Lastgaspism: Art and Survival in the Age of Pandemic is a collection of interviews, critical essays, and artist portfolios that consider matters of life and death having to do with breath, both allegorical and literal. Bringing into mutual proximity the ecological, political, public health, and spiritual crises of our time, this book considers the compounding nature of these events and their impact upon one another. Whether seen in the police choke murders that gave rise to the “I Can’t Breathe” slogans of the movement for racial justice, the life-taking and life-remaking COVID-19 pandemic, the white supremacist revolts propelled by fear of demographic suffocation, or the climate emergencies that have instituted near-permanent chaos, the act of gasping for breath is starkly exposing the either/or that stands before us: either we breathe or we die.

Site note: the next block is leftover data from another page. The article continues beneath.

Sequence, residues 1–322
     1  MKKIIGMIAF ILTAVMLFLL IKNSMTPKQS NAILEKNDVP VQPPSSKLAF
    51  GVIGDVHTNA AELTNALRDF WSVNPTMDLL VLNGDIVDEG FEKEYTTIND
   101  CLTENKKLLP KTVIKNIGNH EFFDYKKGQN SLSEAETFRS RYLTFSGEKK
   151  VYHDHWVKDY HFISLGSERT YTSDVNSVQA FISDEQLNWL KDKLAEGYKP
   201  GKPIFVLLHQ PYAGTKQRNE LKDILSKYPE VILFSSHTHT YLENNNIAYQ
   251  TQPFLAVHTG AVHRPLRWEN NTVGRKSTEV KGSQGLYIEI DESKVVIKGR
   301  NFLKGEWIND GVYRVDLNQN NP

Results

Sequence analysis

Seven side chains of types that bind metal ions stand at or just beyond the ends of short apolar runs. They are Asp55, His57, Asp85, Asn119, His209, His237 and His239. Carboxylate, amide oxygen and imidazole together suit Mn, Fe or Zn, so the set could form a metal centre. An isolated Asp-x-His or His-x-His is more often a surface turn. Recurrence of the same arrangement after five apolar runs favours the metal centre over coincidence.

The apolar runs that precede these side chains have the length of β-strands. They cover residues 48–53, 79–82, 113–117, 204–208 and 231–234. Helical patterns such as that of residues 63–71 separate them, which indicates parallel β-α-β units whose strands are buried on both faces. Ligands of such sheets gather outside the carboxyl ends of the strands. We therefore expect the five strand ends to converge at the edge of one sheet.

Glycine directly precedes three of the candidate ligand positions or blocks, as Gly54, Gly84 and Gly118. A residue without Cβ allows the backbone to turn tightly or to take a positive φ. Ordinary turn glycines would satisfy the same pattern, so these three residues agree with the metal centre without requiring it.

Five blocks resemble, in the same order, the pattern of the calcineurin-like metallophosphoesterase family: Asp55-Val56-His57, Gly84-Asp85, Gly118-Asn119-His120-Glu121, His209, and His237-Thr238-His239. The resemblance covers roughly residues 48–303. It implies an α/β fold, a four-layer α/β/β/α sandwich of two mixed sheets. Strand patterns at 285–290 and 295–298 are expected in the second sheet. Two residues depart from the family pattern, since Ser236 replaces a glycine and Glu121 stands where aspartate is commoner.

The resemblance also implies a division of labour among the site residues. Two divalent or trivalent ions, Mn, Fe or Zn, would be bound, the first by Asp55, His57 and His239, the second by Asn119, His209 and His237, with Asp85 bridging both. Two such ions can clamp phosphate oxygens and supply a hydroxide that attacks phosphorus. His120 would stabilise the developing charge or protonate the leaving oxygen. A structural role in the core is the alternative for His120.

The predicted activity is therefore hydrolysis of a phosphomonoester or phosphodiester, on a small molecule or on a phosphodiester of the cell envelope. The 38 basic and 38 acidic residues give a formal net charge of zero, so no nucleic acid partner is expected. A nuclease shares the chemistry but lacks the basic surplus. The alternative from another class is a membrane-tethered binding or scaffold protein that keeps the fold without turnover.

Through the recognition of indigenous wisdom, demands for institutional reform, proposals for new social arrangements, the rethinking of care work, the adoption of Buddhist-influenced practices of mindfulness and compassion, and other creative modes of engagement, cultural workers are responding to the most pressing issues in contemporary life. Lastgaspism offers a framework to help us make sense of the interlocked crises of the unfolding present and asks with critical optimism what can happen in this time of transition.